where do cities go?

African Civilizations by Graham Connah

African Civilizations by Graham Connah

it is interesting to note that many of the savanna urban centres appear to have grown up at environmental interfaces, between transportation systems. Thus at Timbuktu goods were transferred from camel to canoe and at Kano from camel to donkey. (page 141)

When you’re drawing your map of the world, put cities at the border between two terrain types. That’s where traders change from one type of transportation to another. For instance, horses come in the north gate of the city, and camels go out the south gate.

It’s well known that cities grow up along coasts and rivers. That’s where ship- and raft-based travel meets road travel. But that’s just the most obvious example of this general rule.


6 Responses to “where do cities go?”

  1. Aoi says:

    This is a really good point. Do you know of any resources or do you have any ideas (particularly, any adapted from a fantasy setting – airships and all that) of what kinds of transport might be used over different kinds of terrain? Again, very cool!

  2. katre says:

    Cool looking book. I think all D&D campaigns should be informed by anthropology.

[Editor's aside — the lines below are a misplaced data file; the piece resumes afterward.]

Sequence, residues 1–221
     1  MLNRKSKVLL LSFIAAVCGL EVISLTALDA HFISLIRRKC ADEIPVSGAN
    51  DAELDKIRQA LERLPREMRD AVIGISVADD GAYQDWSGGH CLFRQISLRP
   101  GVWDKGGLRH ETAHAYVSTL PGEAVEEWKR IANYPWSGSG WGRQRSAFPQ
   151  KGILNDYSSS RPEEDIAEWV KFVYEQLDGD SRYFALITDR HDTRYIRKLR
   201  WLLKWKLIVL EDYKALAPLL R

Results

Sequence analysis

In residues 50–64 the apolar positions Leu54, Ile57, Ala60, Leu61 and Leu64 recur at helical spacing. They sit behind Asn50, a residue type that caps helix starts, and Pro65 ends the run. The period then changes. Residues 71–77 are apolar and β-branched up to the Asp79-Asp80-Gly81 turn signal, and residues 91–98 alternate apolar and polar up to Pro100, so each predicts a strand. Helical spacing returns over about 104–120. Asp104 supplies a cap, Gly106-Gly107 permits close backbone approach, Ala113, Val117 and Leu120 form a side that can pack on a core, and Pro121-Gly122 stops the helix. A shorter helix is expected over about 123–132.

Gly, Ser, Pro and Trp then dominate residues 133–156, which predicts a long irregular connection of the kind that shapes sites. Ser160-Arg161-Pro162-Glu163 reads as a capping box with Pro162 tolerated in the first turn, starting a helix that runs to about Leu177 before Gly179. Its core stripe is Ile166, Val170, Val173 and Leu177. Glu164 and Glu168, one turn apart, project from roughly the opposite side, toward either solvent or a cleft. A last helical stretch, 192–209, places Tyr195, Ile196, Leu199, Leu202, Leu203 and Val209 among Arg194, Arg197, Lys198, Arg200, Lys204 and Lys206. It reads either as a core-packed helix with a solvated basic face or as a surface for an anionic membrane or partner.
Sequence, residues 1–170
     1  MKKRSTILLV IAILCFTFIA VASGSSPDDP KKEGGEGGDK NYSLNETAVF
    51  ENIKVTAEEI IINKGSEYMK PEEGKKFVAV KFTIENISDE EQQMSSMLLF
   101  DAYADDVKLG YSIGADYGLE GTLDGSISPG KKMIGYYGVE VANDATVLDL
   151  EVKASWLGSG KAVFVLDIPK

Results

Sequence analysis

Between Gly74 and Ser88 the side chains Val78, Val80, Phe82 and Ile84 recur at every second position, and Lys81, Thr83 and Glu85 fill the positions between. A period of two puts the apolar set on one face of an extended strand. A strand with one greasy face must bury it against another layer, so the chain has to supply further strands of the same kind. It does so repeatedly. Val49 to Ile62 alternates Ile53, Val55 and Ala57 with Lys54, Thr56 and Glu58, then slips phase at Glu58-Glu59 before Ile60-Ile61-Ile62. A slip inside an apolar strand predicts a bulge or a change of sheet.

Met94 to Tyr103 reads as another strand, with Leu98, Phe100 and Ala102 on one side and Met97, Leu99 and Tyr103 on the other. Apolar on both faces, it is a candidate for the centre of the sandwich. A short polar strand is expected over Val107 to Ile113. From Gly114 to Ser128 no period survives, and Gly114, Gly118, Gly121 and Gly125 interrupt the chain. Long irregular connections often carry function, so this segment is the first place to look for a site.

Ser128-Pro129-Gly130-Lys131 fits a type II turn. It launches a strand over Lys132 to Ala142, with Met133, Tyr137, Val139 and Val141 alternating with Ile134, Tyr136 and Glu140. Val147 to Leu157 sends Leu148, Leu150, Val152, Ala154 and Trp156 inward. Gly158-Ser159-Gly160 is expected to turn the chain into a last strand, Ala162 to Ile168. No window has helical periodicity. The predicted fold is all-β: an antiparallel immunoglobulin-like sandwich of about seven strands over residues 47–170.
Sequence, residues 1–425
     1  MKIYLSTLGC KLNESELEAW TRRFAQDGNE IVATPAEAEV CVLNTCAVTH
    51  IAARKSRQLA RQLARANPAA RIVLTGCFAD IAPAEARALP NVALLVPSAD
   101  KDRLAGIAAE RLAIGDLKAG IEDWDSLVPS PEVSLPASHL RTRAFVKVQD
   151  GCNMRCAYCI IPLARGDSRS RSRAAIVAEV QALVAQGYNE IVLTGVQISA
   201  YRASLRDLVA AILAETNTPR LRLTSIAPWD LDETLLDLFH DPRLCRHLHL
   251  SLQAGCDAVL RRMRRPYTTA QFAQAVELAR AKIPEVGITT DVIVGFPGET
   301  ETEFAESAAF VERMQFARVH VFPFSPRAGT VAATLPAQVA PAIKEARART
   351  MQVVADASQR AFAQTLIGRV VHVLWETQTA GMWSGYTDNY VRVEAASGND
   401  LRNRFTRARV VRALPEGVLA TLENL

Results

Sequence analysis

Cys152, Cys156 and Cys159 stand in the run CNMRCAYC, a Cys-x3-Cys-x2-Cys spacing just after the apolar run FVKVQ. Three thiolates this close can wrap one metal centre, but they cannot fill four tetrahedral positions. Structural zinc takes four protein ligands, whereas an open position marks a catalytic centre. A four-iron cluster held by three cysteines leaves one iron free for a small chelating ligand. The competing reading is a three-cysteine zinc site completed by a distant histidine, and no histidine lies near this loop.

(Also, ha ha, I found your blog. Nothing can hide from me!)

  3. paul paul says:


  4. Claire Claire says:

    I guess airships would work kind of like airplanes–they need a relatively flat, open terrain to land on & take off from. Not too close to cities, mountains, forests, etc. Actually, the Final Fantasy games would be a pretty good source for interfaces between fantasy transportation systems: in FF1 (the US FF1; I make no claim to understanding the original numbering) you can’t land your airship on forests or rivers, right? But your canoe can go up a river in a heavily forested area. So a clearing at the end of a river that has been traveling through a thick forest or jungle would be a natural place for airships to dock and for travelers to do airship/canoe transfers. You could imagine something similar with airships/camels in a desert, depending on whether you thought airships could land in a desert. Maybe near an oasis, where a lot of caravans would tend to stop to water their camels and themselves!

    Later Final Fantasy games have similar rules about chocobo travel, etc., so I guess they deal with a lot of different types of magical transportation logistics!

    katre, I am interested to learn about the methodology you used to find the blog!!

  5. Rory Rory says:

    Surprisingly, we’re the NUMBER 1 search result when googling “blog of holding”.

  6. […] Africa is a great D&D inspiration: I've written about it here, here, here, here, here, here, here, here, here, here, here, and here. So I'm pretty excited to see that Kevin Crawford, who did […]

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